Still, investors, as always, need to be wary of IPOs at first. Typically, even the highest quality tech IPOs cool off after their first day. So rather than chasing something like Google the moment it goes public, it probably pays to wait a while.

And investors have to do their homework. They should especially remember the lessons learned from the tech stock crash of 2000-2002. Earnings matter.

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Google has the potential to be a successful tech IPO because it is wildly profitable. And Blue Nile seemed to be doing well Thursday not because of breathless hype about how gigantic the market for selling diamonds will be in 2008 but because the company already has proven it can make money.

That's why Alibris, once it starts trading, may have a tougher time. The company has lost money during the past three years. And losses escalated in the first quarter of 2004. The company reported a net loss of nearly $5 million, compared to a $3 million loss in the same period a year ago.

And my colleague Eric Hellweg pointed out a few weeks ago that investors need to be extremely wary of two other techs that filed just before Google did, online marketing company Claria (formerly Gator... the company behind many annoying pop-ups) and Linux company Lindows.

Simply put, some tech companies are better off not going public. Some may find that selling out to a larger rival may be a better alternative to going public. To that end, anti-spam software company Brightmail, which filed for an IPO in March, announced on Wednesday that Symantec, one of the company's investors, was purchasing it.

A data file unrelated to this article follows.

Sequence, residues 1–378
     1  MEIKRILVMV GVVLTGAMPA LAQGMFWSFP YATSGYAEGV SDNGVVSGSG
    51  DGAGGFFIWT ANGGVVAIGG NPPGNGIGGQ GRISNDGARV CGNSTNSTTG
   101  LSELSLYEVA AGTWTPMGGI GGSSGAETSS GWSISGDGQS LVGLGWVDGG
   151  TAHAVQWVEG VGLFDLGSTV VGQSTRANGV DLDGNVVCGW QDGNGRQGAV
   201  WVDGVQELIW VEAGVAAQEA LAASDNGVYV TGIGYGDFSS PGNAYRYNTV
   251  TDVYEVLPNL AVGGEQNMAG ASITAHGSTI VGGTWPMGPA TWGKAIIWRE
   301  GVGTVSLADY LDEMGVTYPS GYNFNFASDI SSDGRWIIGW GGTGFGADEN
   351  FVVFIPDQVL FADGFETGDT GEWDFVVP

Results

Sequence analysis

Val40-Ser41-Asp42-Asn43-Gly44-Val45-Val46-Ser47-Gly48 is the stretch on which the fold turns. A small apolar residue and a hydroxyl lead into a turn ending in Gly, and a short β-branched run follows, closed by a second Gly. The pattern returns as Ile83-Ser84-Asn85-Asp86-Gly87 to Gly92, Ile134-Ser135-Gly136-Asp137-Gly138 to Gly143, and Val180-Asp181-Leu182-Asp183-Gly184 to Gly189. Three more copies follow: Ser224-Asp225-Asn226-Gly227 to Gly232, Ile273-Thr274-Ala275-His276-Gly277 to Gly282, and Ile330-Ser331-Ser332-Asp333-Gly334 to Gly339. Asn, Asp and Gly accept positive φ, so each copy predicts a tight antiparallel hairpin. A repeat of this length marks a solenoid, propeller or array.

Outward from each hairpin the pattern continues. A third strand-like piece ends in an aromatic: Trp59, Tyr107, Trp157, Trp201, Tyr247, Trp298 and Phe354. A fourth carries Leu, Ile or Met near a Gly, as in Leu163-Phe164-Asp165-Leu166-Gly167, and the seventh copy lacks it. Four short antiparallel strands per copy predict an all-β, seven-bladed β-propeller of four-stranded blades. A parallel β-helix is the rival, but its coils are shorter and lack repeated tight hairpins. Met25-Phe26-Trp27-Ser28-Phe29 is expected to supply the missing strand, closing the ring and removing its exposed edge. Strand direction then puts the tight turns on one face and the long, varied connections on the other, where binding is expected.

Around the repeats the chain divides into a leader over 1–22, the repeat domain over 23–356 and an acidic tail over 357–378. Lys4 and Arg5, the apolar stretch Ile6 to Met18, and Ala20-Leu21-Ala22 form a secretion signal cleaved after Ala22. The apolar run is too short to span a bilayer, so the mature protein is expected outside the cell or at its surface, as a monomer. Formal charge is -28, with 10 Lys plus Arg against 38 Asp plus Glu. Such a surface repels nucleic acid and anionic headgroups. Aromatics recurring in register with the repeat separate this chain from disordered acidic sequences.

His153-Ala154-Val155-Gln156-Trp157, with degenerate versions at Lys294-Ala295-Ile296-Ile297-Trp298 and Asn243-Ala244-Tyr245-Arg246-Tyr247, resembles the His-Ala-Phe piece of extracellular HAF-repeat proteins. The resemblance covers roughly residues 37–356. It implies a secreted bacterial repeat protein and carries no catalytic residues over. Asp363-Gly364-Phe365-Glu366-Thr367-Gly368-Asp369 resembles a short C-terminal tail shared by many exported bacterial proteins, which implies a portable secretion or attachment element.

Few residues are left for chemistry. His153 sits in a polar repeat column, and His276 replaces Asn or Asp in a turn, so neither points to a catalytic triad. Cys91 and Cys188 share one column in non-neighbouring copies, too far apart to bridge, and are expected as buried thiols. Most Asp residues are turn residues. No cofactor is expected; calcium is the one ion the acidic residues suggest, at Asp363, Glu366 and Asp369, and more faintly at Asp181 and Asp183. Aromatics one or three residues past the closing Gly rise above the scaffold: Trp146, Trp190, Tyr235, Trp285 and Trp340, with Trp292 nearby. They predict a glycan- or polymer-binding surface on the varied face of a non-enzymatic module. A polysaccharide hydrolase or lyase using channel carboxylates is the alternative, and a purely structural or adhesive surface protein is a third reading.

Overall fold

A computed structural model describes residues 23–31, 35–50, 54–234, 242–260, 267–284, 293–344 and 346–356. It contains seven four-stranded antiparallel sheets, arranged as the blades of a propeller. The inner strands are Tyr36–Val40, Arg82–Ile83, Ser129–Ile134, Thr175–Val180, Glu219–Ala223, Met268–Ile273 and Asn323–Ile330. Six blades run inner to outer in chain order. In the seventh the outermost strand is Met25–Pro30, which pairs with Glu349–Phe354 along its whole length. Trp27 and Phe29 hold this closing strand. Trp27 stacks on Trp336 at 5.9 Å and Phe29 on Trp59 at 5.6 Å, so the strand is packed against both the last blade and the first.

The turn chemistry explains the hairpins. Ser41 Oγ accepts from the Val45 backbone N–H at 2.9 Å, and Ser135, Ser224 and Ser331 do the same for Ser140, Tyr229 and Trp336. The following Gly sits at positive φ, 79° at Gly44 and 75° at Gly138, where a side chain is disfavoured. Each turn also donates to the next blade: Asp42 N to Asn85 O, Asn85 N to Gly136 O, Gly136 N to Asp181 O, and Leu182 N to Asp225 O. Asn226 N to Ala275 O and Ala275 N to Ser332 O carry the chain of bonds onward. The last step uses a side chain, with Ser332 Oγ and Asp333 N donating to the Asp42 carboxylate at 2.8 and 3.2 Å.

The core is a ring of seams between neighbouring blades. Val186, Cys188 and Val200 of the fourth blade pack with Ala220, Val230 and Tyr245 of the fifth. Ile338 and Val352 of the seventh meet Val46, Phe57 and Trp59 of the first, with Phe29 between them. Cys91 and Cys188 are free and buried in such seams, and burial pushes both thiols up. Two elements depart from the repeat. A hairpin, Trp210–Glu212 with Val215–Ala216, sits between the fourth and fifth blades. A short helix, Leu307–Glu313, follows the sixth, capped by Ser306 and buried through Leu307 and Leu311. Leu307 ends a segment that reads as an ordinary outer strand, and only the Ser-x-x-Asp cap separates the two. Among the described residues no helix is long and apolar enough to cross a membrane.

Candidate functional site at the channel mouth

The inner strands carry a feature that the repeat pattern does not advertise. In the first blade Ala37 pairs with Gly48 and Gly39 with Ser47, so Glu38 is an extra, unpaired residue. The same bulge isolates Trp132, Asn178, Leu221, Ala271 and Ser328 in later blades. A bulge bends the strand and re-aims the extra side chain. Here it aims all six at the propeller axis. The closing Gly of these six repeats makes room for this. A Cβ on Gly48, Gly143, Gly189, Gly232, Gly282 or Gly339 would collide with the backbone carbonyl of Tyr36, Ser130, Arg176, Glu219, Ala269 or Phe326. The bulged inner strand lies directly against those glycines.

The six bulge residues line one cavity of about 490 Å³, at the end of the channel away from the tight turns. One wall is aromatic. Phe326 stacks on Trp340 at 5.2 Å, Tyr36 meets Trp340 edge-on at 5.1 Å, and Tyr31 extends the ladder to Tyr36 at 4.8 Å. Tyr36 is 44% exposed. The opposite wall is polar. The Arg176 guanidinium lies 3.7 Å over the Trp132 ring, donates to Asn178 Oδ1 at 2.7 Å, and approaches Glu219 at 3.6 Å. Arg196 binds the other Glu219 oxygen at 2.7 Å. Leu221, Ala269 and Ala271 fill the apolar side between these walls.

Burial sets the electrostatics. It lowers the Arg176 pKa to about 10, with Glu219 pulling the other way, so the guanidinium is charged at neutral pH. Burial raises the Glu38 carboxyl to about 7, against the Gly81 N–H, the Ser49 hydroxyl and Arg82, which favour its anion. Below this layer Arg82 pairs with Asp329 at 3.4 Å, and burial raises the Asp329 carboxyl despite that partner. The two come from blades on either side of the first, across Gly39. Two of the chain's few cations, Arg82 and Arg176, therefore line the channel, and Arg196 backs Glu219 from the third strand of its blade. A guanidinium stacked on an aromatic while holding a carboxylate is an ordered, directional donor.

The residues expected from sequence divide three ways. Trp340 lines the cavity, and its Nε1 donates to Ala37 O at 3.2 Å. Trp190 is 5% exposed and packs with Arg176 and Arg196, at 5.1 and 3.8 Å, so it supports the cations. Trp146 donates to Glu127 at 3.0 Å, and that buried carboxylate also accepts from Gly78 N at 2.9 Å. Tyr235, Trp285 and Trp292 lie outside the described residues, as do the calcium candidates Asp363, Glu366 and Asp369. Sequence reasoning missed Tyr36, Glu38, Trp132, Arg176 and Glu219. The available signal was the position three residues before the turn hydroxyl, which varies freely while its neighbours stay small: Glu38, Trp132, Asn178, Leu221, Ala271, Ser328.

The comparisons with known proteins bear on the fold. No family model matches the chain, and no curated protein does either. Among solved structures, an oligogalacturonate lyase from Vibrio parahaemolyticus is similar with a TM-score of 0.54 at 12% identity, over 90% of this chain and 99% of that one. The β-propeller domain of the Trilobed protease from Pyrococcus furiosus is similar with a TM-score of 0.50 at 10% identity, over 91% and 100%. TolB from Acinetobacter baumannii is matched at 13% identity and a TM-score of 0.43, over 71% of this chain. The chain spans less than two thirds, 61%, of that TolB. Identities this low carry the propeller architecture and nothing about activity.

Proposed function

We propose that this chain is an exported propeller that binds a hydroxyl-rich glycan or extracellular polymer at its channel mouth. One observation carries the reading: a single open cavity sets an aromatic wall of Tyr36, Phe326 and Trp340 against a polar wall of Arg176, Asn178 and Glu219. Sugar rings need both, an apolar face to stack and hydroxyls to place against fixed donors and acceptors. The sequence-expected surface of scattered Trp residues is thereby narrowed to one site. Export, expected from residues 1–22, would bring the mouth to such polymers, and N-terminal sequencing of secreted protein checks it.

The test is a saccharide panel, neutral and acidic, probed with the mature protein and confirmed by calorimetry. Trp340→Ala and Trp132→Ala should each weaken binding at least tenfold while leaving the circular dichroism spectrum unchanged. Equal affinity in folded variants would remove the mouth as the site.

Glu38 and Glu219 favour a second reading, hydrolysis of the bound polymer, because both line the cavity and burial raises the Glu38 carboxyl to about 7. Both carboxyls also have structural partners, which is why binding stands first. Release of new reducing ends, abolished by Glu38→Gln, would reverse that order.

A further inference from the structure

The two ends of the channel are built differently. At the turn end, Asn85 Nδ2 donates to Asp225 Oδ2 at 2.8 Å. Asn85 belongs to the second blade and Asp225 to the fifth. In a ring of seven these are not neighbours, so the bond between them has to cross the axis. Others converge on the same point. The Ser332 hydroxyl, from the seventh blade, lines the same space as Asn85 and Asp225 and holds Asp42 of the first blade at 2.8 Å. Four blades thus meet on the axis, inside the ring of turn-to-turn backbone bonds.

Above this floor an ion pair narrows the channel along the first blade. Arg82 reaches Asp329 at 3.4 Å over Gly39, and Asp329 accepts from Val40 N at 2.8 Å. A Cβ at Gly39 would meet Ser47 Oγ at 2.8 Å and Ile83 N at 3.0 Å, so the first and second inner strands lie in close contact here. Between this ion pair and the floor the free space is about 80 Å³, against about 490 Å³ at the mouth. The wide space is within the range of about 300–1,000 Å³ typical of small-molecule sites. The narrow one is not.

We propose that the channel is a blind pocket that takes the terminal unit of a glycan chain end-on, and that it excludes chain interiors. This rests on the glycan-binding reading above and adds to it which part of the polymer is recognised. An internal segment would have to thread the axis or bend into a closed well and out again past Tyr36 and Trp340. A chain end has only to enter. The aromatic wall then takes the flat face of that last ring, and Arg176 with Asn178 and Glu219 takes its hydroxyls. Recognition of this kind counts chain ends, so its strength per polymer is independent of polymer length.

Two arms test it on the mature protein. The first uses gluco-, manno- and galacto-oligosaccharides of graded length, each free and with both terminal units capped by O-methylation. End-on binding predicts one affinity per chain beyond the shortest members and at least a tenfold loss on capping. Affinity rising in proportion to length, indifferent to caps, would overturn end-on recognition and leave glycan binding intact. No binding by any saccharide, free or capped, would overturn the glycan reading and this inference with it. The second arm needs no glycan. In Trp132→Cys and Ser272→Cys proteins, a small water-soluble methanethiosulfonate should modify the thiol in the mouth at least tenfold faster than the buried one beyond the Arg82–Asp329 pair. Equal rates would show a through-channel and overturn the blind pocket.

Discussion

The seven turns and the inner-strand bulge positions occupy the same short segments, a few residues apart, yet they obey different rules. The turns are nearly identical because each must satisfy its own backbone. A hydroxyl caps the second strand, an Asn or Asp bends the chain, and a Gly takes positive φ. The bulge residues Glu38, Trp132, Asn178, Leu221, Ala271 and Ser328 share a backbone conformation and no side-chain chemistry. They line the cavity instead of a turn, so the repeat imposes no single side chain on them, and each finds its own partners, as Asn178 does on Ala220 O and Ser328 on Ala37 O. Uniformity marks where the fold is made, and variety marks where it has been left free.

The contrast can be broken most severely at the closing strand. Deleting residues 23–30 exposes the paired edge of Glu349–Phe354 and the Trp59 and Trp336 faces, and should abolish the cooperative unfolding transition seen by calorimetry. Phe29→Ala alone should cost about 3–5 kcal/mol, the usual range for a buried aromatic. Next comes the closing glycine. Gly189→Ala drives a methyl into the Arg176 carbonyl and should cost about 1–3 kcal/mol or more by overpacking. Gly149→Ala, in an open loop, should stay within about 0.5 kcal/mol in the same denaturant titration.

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By Paul R. La Monica

And for others, staying private until they can demonstrate a solid track record of success would be wise. A recent study by Wayne Shaw, a professor at the SMU Cox School of Business in Dallas, indicates that of the 3,941 companies that went public between 1995 and 2001, 20 percent would have been better off if they had withdrawn their offerings.

So the trick for investors is to stick to tech IPOs from companies that are already doing well, not those that are merely promising to do well in the future.


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Most stock quote data provided by BATS. Market indices are shown in real time, except for the DJIA, which is delayed by two minutes. All times are ET. Disclaimer.

Morningstar: © 2014 Morningstar, Inc. All Rights Reserved.

Factset: FactSet Research Systems Inc. 2014. All rights reserved.

Chicago Mercantile Association: Certain market data is the property of Chicago Mercantile Exchange Inc. and its licensors. All rights reserved.

Dow Jones: The Dow Jones branded indices are proprietary to and are calculated, distributed and marketed by DJI Opco, a subsidiary of S&P Dow Jones Indices LLC and have been licensed for use to S&P Opco, LLC and CNN. Standard & Poor's and S&P are registered trademarks of Standard & Poor’s Financial Services LLC and Dow Jones is a registered trademark of Dow Jones Trademark Holdings LLC. All content of the Dow Jones branded indices © S&P Dow Jones Indices LLC 2014 and/or its affiliates.